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Next Gen ATP Finals Allianz Cloud, Milan | 9-13 Nov. 2021
Felix: "I Have To Keep Going Forward"
auger-aliassime

Felix Auger-Aliassime does not face a break point in his defeat to John Isner in Miami. © Getty Images

Felix Auger-Aliassime’s Miami Open presented by Itau campaign is over thanks to a familiar foe. The Canadian, though, drew plenty of positives from his second-round defeat to big-serving American John Isner.

It is a state of mind the 20-year-old admits holds him in good stead as he moves forward. The switch to clay beckoned following his 7-6 (5), 7-6(5) second-round loss on Grandstand.

“That's the only way for me to get to where I want,” Auger-Aliassime said. “If I dwell on my losses and I don't show a trait of character and resilience I'm not going in the right direction.

“So, no, today is tough loss, but I have to keep going forward. Honestly I'm playing well, I'm feeling good. In this period, as well, I don't want to be too hard on myself. I think there has been tougher moments also.”

The loss marked the second time in succession he had fallen to Isner in Miami in two tie-break sets, having also gone down in the 2019 semi-finals by the same scoreline. Despite the defeat, the 11th seed actually claimed one more point on his first serve, hit only five aces fewer than Isner’s 16 and never faced a break point.

“We were both serving well. I mean, six and six I guess is a pretty common score against John,” he said. “Yeah, I think I was able to protect my serve well. Didn't face a break point, so that was good on my part. Then I think I could have adjusted a few things, looking back on the return, to try to find a way to, I don't know, even bunt a few returns in the court to make him play.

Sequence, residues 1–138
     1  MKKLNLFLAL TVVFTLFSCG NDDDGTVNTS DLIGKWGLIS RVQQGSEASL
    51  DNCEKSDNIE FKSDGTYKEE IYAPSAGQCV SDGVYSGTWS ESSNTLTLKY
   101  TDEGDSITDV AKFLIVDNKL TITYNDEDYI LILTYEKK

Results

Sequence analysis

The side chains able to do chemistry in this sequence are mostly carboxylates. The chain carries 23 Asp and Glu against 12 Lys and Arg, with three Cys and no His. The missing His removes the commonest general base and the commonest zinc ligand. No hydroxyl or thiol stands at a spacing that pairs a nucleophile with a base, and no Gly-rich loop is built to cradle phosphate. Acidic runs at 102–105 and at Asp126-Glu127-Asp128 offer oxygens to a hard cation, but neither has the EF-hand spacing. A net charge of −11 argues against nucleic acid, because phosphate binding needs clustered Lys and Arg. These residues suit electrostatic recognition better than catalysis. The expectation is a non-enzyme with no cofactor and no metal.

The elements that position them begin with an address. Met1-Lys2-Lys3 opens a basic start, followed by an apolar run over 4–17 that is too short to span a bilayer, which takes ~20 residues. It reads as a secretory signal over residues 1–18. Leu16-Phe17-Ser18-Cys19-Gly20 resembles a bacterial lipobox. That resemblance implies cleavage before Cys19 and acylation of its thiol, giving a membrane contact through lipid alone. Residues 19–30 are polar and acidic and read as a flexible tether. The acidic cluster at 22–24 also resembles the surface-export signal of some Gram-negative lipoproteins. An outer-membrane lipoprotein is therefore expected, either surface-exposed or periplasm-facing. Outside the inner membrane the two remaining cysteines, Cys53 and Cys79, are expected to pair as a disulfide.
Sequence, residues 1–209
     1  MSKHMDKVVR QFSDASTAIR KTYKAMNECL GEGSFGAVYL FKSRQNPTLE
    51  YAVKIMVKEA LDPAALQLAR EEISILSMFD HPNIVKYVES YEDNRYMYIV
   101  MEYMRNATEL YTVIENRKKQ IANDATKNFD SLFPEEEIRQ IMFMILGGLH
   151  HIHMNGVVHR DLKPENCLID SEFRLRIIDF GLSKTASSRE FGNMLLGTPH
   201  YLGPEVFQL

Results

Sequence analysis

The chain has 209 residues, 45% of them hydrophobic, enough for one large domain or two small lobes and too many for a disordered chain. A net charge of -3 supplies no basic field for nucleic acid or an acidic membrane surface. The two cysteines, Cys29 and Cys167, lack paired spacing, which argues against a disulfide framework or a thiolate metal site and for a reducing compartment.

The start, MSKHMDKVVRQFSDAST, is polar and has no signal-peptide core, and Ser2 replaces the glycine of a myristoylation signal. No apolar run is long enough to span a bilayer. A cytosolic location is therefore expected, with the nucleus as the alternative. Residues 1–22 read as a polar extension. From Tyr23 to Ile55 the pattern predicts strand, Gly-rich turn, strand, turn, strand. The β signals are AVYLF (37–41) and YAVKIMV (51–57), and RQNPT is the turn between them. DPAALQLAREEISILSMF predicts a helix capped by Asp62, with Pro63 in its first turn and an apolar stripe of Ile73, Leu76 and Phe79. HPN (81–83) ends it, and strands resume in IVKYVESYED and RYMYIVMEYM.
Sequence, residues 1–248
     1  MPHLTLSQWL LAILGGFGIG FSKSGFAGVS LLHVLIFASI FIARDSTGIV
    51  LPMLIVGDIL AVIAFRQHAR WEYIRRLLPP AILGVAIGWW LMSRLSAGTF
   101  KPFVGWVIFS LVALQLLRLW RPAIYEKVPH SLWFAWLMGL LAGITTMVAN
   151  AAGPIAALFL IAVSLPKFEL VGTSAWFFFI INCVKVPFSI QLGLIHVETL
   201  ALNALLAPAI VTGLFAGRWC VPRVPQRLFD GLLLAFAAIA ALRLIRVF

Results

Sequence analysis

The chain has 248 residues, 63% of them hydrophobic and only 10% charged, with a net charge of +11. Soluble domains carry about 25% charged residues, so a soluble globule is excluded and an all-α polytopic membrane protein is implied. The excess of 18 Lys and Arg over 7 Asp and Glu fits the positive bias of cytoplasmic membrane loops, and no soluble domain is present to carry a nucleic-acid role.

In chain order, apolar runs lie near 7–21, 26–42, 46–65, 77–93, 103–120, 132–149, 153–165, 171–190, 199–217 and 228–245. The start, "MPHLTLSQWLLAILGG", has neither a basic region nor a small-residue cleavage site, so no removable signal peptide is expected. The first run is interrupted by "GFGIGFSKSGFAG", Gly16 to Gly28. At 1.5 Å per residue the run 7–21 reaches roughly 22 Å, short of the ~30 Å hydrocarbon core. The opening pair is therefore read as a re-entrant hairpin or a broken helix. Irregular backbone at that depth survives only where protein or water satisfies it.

“But again, I was trying my best. In the tie-breaks it's just a few points here and there. I played poor points at the start of both tie-breaks, and then it just, I guess, slipped out of my hands, really. It was a close one.”

Auger-Aliassime revealed the key to finding a read on the likes of Isner’s monster deliveries boiled down to one thing – focus. Handling the pace of serve alone was only part of the battle and the chances presented were usually fleeting.

“We get used to the speed, but it's the precision and consistency of it," he said. “When you get a guy like this, people have to understand the focus that it requires to be like this for, what is it, 26 games. 

“You have to be focused on your serve too, because you know as soon as you get broken, it's tough to come back… It's tough to get a racquet on it. Even if you guess where it comes, sometimes it bounces high and so it's super precise, not only powerful.”